This evening’s speaker was Amanda Lunn, mother of Amber Lunn. Amber is a brave young 5 year old girl who is currently in Pre-Kindergarten. She is also dealing with some very serious eye issues. Amanda described their journey and how they have dealt with this situation so far. It started when Amber was about 2 weeks old and Amanda noticed a “glow” in Amber’s right eye. She said it resembled the kind of glow that you see in animals eyes sometimes. When she asked the doctors about it they dismissed it and said it was not a problem. But Amanda continued to see that glow in her daughter’s eye and continued to ask about it but it was always dismissed the same way.
On her 18 month checkup, Amanda asked again and this time was given the opportunity for a referral to an eye doctor, but was also told that it would be a waste of time and money so she decided not to go. But about a month later some lazy eye symptoms started to develop (Amber’s eye would veer to one side and not align proper with the other eye). Then a few months later the doctor also noticed the lazy eye symptom and the first visit to a specialist was setup.
The prognosis was that Amber’s right retina had completely detached and the left retina had partially detatched. The Lunns were told to prepare for surgery and be prepared for the possibility that both eyes may need to be removed depending on the source of the problem. Their options were to go to Duke or to a facility in Philadelphia where the specialists could help. There was some struggle to get answers and some additional issues with finances but they ultimately ended up taking Amber to Sloan Kettering in NY. The treatment she has received there has been fantastic. The doctors and staff are all in sync and they have a unified plan for treatment now. The condition was ultimately diagnosed as “bilateral retinoblastoma” which is a form of eye cancer.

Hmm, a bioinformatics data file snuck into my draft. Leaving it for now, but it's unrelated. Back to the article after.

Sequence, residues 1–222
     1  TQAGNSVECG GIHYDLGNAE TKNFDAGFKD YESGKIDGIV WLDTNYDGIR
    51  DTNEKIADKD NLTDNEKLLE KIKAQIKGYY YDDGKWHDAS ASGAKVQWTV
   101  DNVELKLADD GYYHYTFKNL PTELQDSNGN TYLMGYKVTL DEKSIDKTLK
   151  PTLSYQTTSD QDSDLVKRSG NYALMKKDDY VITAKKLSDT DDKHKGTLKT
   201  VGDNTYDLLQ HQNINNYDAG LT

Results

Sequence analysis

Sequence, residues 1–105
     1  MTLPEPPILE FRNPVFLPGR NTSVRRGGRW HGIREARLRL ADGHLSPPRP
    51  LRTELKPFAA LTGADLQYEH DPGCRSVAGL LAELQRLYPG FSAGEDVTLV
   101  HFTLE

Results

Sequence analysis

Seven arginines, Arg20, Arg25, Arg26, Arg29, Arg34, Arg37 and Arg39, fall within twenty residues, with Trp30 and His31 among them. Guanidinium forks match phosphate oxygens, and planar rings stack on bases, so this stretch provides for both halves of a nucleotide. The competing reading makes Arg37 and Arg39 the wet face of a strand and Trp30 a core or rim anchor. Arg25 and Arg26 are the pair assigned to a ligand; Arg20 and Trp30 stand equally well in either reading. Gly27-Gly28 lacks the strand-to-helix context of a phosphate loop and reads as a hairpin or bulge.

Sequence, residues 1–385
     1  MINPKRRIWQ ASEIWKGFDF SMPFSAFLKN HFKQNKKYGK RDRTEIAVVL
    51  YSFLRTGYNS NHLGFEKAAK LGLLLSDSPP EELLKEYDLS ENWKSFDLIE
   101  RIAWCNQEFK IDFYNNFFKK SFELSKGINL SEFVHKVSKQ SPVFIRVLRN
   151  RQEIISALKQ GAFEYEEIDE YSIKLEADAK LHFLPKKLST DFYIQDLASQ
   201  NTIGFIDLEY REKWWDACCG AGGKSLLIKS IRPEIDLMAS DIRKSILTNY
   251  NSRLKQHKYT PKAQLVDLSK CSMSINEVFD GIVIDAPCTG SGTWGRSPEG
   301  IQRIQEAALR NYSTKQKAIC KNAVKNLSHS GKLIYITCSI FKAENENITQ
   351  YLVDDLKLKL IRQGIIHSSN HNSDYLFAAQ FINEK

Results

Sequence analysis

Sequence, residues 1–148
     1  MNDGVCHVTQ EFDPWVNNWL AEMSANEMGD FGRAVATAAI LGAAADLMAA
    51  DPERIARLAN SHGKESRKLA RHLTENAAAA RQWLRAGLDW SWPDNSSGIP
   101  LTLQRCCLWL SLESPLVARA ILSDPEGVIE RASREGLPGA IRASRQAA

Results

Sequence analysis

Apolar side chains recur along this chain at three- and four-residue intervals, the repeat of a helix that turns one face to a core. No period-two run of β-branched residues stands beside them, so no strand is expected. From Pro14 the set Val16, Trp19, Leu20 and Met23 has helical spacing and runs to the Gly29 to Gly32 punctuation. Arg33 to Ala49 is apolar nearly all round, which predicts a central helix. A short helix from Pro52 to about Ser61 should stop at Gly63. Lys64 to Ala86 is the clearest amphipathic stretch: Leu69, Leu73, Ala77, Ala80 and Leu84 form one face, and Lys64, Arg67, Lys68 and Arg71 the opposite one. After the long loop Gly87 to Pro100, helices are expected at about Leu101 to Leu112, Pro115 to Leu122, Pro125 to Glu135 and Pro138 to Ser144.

The doctors did end up removing Amber’s right eye and have been treating her cancer with Intra-aterial chemo therapy. The largest tumor in her left eye was just 60 cells away from causing significant or complete blindness in her left eye as well. But at the moment the tumors are all just scar tissue. At one point the Lunns were traveling to NY every 4 weeks for 3-4 days. But now they are on a 6 month cycle for their next visit and checkup. Amber is still at risk for the cancer to return so they could end up back on the 6 week schedule at any time. And even as the risk of the initial type of cancer returning goes down, the risk of other types of cancer actually increases for Amber. And, sadly, Amber may never be able to have children of her own due to the chemo therapy. But even if she is able, there is a roughly 45% chance that her children will have this same type of cancer because it is genetically transmitted.
The Lunns have received some assistance from a group in Cary which has covered their flight costs (Cary Children’s Flight Of Hope) and also some assistance from the Ronald McDonald House. But when you have a child who requires this much care it makes working full time very difficult and there are a good deal of expenses that are not covered so assistance would be appreciated. You can read more about Ambers Aspirations on Facebook.